We kicked off week 5 by inviting some of our life science mentors to meet us in a small, world cafe style setting at Bella Vista Social Club. It was an intimate evening that created deeper connections beyond what you see at a typical mentor mixer. It was a success and both mentors and founders were able to give and receive value to everyone there. 

Financial model strategy and cash needs were our focus this week. Grace Chui Miller, CFO of Correlation Ventures, a VC firm currently deploying their second fund of $200 million, shared a few examples of financial models and told us what VCs want to know during those first meetings. Cashburn, operating expenses, and headcount are items that VCs expect to see in your financial model. They’ll also want to hear your accomplishments to date and milestones that you plan to hit after receiving funding. On the flip side, it’s important to note that meeting with investors is not a one sided interview. Founders should be interviewing investors too. Raising capital can be analogous to dating and marriage in that you want to know who you’ll be spending your future alongside before entering a binding contract. One way to get a feel for investor/company fit is to talk to companies in the investor’s portfolio. Ask about their relationship and involvement. Find out whether or not the company is happy that they took investment from your prospective investors. If the investor doesn’t feel like a good fit, keep dating until you find a good fit for your company.

We were also so excited to have Alexa von Tobel, CEO of LearnVest call in from New York to give our founders advice about starting a business and fundraising. The key takeaways from that chat can be found on our linkedin or facebook page.

The female factor discussion centered around powers and biases.  Deconstructing the myth that CEOs have to be good at everything. And in fact, the best CEOs know their specific superpowers and find others to fill in the holes. We focused on self reflection, celebrating our accomplishments and better understanding our powers in order to build confidence. Tina Berenbaum, a thought leader in leadership development joined us to analyze each founder’s strengths and derailers.  She used the hogan assessment and Strengthsfinders as a guide to understanding how we get in our own way and what we can do about it.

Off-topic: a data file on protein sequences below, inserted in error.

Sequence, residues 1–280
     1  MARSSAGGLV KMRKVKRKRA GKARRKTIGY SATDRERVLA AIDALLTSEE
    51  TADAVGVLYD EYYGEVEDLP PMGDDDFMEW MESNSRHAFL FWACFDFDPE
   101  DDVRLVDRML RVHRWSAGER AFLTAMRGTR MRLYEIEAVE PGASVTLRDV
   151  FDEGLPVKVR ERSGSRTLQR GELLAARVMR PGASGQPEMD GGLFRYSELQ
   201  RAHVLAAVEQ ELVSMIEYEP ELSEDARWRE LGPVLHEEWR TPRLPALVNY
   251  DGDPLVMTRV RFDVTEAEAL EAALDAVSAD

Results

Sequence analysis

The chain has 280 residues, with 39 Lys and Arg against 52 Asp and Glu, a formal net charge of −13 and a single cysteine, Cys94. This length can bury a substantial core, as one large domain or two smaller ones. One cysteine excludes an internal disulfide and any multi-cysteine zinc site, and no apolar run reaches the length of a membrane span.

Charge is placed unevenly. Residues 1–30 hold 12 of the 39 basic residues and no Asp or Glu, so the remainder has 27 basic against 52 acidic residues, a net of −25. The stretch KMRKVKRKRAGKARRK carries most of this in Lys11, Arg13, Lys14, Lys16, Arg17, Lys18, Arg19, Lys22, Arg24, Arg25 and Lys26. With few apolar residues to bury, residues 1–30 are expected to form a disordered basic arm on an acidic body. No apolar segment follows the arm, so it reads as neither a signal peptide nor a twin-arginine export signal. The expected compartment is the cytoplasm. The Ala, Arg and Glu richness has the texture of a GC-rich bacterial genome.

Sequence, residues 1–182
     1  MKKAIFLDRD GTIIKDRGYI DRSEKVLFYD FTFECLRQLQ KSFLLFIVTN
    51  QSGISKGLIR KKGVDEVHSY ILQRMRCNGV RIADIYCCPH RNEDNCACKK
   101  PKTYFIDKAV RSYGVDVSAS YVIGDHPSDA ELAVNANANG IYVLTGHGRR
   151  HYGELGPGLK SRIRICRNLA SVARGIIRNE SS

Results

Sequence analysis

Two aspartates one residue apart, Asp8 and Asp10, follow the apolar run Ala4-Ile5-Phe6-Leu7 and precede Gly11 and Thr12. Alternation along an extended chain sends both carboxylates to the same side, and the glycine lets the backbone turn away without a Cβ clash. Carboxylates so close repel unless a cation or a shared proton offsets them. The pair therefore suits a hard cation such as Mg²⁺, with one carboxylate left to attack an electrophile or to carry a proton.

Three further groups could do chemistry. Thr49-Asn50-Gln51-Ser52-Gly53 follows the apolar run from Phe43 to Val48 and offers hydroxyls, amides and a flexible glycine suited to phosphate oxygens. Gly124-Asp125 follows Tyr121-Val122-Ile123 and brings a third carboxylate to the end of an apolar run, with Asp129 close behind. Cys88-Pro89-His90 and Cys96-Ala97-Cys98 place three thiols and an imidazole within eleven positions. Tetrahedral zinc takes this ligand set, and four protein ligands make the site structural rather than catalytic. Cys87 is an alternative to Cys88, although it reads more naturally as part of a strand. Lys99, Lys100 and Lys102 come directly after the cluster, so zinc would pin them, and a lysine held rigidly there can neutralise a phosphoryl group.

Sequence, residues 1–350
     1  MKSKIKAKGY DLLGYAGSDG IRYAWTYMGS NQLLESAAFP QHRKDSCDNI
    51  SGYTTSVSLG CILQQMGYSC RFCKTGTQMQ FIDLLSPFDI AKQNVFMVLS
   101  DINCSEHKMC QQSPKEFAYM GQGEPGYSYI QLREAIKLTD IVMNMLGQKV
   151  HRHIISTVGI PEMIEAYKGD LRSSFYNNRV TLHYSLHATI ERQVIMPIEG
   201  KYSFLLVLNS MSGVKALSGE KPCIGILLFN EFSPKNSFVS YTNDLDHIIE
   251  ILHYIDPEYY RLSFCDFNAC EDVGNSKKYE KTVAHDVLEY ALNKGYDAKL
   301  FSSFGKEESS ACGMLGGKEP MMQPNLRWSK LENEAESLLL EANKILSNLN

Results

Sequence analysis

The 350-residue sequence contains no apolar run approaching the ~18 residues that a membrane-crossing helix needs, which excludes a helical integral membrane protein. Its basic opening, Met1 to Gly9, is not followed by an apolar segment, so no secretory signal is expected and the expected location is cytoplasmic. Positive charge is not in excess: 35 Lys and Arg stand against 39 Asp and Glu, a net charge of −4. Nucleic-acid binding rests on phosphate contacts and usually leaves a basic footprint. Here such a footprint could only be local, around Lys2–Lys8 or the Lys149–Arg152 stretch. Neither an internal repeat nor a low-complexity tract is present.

Thank you to all of our mentors that shared their Monday evening with us. And a big thanks to Grace, Alexa and Tina who each offered us extraordinary insight this week! We’re so grateful for the ongoing support of our community. 

Questions you should be able to answer about your business and your product before pitching investors:

  1. What is your external narrative or company story and mission? The more you practice your story, the more confidence you will have when someone asks. Practice in front of the mirror. The more you state your story, the more natural it will sound. Since you’re constantly changing and growing, take time to update this narrative every 3 months or so.
  2. What have you accomplished while building your business thus far?
  3. What has to be done to reach your next milestone?
  4. What would you do with capital if you had it to spend tomorrow? Investors want to know that you already have a plan to spend the money. Not sure where to begin? Start by breaking it down into key hires and salaries, research and development, sales and marketing. Then go deeper and break down salaries, cost to get to prototype, cost to get to full scale production, marketing spend to acquire a customer, and branding design.
  5. Make a list of your accomplishments in your personal life and about your company. Read them out loud in front of a mirror. Repeatedly. Next time you’re asked, you’ll be able to confidently offer a humble brag and clearly articulate what’s coming next.